BILL ZEPF

    Multidimensional Care of Patients with Colostomy

    ANNE D. WALLING

    Tricyclic Antidepressants vs. SSRIs in Depressed Patients

    ANNE D. WALLING

    Topiramate in the Treatment of Alcohol Dependence

    ANNE D. WALLING

    Quality End-of-Life Care in Patients with Dementia

    KARL E. MILLER

    Intravenous Epinephrine in Life-Threatening Asthma

    RICHARD SADOVSKY

    Hormone Therapy and Increased Risk of Stroke

    CAROLINE WELLBERY

    Dietary Fiber Decreases Risk for Colorectal Cancer

    ANNE D. WALLING

    Practice Guidelines

    Recommended Childhood and Adolescent Immunization Schedule, United States, January to June, 2004 and Update on Childhood Immunizations

    RICHARD KENT ZIMMERMAN

    The 2004 Recommended Childhood and Adolescent Immunization Schedule (see accompanying charts) is similar to the 2003 schedule. Three changes should be noted: (1) the dates of the schedule reflect the first one half of the year because of the anticipated addition of influenza...

    Clinical Briefs

    Clinical Briefs

    CARRIE MORANTZ, BRIAN TORREY

    Clinical Performance Measures for Cardiovascular Disease | Report on Outbreaks of Aseptic Meningitis | AHRQ Report on Inhaled Anthrax and Influenza

    Curbside Consultation

    Should Doctors Call in Sick?

    MARIAN L. SWINKER

    Even when I'm not feeling well, I usually choose to work at the clinic rather than call in sick, which would force my patients to cancel their appointments or add to my colleagues' workloads. Often, I just have a mild viremia with no symptoms other than headache and fatigue....

    Letters to the Editor

    Causes of Benign Asymptomatic Pneumoperitoneum

    LAURA E. MYRE, SUSAN PINON, WALTER B. FORMAN

    Information from Your Family Doctor

    Painful Urination

    Painful urination can be caused by several things. A common cause is a urinary tract infection (also called a UTI or bladder infection). Urination may hurt if your bladder is inflamed. Inflammation can happen even if you do not have an infection. Some medicines can inflame...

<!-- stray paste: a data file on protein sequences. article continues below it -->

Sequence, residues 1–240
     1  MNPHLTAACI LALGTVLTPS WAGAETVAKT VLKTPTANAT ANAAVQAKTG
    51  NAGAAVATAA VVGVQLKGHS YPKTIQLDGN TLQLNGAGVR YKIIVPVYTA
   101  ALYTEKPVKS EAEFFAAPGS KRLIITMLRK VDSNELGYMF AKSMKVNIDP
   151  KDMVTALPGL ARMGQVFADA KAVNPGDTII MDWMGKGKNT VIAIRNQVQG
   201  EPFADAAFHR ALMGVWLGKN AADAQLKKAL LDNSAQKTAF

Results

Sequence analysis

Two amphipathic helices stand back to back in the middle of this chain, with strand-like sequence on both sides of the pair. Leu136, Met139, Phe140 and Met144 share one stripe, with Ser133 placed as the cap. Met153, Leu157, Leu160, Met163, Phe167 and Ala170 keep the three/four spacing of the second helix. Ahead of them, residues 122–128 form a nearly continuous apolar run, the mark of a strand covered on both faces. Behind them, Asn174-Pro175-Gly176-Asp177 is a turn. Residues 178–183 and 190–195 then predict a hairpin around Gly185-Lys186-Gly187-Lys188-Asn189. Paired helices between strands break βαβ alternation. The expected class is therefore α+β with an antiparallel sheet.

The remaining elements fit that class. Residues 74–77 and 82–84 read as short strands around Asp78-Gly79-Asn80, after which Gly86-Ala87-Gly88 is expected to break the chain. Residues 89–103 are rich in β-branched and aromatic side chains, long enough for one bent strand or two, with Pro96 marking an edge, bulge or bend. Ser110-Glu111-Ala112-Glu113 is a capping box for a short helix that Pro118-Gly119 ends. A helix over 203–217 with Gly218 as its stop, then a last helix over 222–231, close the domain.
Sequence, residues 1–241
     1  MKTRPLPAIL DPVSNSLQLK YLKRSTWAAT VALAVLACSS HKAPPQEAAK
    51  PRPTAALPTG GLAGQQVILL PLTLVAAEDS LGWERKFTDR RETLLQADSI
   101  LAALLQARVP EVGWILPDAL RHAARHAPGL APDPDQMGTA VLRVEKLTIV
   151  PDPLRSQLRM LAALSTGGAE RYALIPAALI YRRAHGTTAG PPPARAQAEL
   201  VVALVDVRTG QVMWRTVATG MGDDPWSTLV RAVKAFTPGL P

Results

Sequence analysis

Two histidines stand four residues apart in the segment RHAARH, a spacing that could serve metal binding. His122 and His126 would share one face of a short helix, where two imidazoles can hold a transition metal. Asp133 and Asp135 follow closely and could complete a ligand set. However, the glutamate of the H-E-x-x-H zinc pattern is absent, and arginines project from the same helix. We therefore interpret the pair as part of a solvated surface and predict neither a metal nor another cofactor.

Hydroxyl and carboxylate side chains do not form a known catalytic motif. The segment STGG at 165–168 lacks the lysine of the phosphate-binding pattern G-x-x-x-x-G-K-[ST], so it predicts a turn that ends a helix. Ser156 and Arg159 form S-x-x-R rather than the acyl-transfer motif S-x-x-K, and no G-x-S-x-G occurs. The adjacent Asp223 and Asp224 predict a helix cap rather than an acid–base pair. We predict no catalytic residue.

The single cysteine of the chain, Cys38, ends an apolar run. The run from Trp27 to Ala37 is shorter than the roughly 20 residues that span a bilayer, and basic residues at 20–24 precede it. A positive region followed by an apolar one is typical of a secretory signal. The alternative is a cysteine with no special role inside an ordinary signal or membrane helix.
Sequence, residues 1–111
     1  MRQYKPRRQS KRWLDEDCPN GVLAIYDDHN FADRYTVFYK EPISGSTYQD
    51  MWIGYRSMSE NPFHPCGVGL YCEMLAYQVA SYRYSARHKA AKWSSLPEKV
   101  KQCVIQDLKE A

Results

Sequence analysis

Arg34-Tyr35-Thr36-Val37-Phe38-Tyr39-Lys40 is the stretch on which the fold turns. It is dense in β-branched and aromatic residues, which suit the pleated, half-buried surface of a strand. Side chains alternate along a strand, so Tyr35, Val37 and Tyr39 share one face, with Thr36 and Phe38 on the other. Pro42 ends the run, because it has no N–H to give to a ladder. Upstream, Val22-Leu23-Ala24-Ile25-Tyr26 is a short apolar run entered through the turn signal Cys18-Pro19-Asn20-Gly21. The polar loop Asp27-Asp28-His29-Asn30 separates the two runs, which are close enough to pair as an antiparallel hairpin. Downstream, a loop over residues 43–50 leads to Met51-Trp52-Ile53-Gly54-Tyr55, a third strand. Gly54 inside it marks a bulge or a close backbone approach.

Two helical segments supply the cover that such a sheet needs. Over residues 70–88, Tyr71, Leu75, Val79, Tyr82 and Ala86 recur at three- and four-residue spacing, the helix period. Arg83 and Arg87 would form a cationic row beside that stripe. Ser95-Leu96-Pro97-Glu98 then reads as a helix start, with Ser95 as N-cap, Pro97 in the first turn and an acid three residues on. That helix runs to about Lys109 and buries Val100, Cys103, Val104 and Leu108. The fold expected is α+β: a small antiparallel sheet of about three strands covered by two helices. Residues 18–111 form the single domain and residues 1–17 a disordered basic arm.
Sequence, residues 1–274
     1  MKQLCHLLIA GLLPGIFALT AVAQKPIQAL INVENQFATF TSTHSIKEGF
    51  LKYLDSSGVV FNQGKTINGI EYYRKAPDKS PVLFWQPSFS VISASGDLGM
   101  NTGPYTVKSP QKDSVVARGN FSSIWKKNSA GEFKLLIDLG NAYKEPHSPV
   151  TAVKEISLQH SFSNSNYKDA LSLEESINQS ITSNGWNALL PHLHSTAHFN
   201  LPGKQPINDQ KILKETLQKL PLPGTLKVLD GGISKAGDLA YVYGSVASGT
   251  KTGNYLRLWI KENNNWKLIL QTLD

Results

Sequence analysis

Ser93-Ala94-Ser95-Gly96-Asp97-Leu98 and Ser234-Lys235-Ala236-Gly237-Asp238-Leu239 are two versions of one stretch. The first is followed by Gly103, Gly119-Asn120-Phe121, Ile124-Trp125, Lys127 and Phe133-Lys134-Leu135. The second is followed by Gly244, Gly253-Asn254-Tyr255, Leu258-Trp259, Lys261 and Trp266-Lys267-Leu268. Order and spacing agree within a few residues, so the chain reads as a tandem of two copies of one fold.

Urinary Reflux

    Urinary reflux is when urine in the bladder backs up into the kidneys. Urine normally goes only one way—from the kidneys down into the bladder. So when urine flows backwards from the bladder, bacteria (germs) can get into the kidneys. This can lead to infection in the urinary...

    Urinary Tract Infections in Children

    A urinary tract infection (UTI) is an infection in the kidneys, the bladder, or the urethra. The kidneys are two bean-shaped organs that lie against the spine in the lower back. Blood flows through the kidneys. Waste products from the blood are removed in the kidneys and...

    Urinary Tract Infections During Pregnancy

    Urinary tract infections (UTIs) are caused by bacteria (germs). The most common kind of UTI is a bladder infection. Other kinds of UTIs are kidney infections and infections of the urethra. The urethra is the small tube that goes from the bladder to the outside of your body.

    Urinary Tract Infections in Adults

    A urinary tract infection (UTI) is an infection in the kidneys, bladder, or urethra. Any part of your urinary tract can become infected. The kidneys are two bean-shaped organs that lie against the spine in the lower back. Blood flows through the kidneys. Waste products from...



    Disclosure

    All editors in a position to control content for this activity, AFP journal, are required to disclose any relevant financial relationships. View disclosures.


    Tag Legend

    Legend

    CME CME
    POC POC
    FREE Free
    Alg Alg
    DDx DDx
    PtEd PtEd